Great book! Probaly one of the best books I have read in 2010!!

Kelly said...

1. I don't think anyone can really decide this for another person- I don't particularly want her life, so if I chose it, I think it might be a mistake for me. But maybe it wasn't for her...

2. Hmm...I think she is sort of a toned down version of her grandmother- her grandmother was more of a strong personality. She is sort of a combination of her mom and her grandmother...

3. No, Dena TOTALLY overreacted. Charlie was clearly not hers to claim. All I can assume is that Dena was recovering from her divorce and not thinking straight. But then again, she was always a pretty selfish character.

4. Honestly, Charlie is not my type so I don't personally understand Alice's attraction to him, but I think he is the type of guy that a lot of girls like. I think people like Alice who don't have strong opinions tend to look for people who DO have strong opinions and strong personalities- she did that with Dena and again with Charlie.

5. I think Alice compromises her ideals a bit when she marries Charlie in the first place- I think they should've dated for longer before making the decision to get married- I'm not into the speed decisions. But, that being said, once she is married I think it was okay for her to alter a bit to preserve her relationship, the world could probably use a bit more of this.

6. I think I would've talked to him too but not outright said he was right, I would've just said I understand, and I'm sorry...It was probably not the right thing to do to go against Charlie, especially when Alice openly admits that she doesn't REALLY know exactly what the political situation was.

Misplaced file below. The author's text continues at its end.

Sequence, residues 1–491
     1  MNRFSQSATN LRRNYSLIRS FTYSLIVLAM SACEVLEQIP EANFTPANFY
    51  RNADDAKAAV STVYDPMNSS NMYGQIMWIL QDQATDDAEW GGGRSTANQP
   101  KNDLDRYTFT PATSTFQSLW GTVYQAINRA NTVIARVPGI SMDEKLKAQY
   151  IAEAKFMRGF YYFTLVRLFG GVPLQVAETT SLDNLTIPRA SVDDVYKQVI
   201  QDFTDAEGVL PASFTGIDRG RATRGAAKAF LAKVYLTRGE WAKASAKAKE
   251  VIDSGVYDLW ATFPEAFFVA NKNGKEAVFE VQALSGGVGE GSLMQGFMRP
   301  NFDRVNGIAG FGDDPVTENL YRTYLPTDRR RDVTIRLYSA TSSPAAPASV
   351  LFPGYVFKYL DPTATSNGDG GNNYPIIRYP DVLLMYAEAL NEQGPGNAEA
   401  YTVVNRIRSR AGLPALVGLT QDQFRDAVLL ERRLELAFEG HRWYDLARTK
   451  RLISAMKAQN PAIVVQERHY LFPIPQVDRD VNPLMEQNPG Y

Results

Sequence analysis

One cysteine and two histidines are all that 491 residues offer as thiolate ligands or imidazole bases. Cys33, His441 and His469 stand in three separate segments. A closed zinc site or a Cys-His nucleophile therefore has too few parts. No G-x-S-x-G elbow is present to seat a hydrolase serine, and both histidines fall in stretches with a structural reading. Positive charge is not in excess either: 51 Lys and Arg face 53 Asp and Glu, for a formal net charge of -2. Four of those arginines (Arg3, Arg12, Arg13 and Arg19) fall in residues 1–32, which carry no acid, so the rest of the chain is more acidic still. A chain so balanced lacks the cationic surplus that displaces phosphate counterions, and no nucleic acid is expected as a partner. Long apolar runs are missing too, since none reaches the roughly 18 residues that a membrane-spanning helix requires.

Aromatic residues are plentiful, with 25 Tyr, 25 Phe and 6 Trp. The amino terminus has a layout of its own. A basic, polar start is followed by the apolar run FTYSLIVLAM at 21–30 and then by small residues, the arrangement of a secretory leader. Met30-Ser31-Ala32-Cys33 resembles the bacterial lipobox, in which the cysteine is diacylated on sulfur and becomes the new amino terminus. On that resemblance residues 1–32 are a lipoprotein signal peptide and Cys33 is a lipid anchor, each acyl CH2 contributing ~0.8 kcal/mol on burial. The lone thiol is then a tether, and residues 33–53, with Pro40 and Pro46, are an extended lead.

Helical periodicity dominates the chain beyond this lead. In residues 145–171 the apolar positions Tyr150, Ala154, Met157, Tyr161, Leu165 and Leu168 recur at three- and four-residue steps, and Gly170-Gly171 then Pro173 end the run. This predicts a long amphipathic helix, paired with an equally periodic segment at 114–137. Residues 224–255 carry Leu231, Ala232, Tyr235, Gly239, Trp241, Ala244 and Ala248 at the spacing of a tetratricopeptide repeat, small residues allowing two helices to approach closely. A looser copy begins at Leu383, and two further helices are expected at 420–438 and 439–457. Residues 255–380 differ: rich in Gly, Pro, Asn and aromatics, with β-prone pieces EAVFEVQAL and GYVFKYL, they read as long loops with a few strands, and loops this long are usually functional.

7. She must have read it at this point right? I can only assume that's why she wrote her own show what parts are true haha. If she was smart she'd like this book because no offense to her but I probably never would've read her autobiography and now I REALLY want to!

Amber @ A Little Pink in the Cornfields said...

1. I don't think Alice has made terrible mistakes at all. She's led a very successful life and always tried to do the right thing in every situation.

2. I think Alice is influenced by her grandmother in her fear of letting her down. She always seemed to want to please her grandmother.

3. No, I do not believe Dena's anger is justified. Dena's anger is so clearly jealousy and denial.

4. Charlie is a very likeable character! I completely understand Alice's attractions to him because he is so charismatic and confident without it coming across as overly arrogant.

5. I do not believe Alice compromises her beliefs at all. She brings things up when she needs to, but she is very good at remaining her own person separate from Charlie which I believe will be hard to do in any marriage.

6. I do not think it was wrong what Alice did, but I do believe she should have discussed it with Charlie before blind siding him like that.

7. I think Laura Bush would laugh. From everything I have read about Laura Bush she doesn't take herself too seriously and can laugh at herself, which is a very admirable quality. I would think she would hope that people would know that this IS a work of fiction and only loosely based on her life. This is a question I have often wondered about.

This is by far one of my favorite books. Laura Bush is one of my favorite people and Alice Blackwell is one of my favorite fictional characters. I just adore this book and will probably read it several times in my lifetime!

Becky said...

This book brought up a lot of different feelings for me. I don't know that I would say Alice's relationship with her husband is a great one, I would just say it has survived a presidency which in itself is quite a feat. However, there were definitely times I couldn't believe she stayed with him, and it had nothing to do with politics.

He called her names, he was a drunk (granted he changed that), but really - he made her come home early from spending time with her mother after her grandmother's funeral - and that was after he'd left himself. At times I felt like he had no respect or regard for Alice and instead of confronting him about it she just chose not to fight. (Her passive-ness was also something that drove me crazy).

I read the note from the author in the back of the book and I'm interested to read the other book she recommended (nonfiction) about Laura Bush.

It probably sounds like I hated this novel, but I didn't, I enjoyed it and it really made me think. Review to come on my blog next week, but I have a lot to say so it's going to take me some time to write it!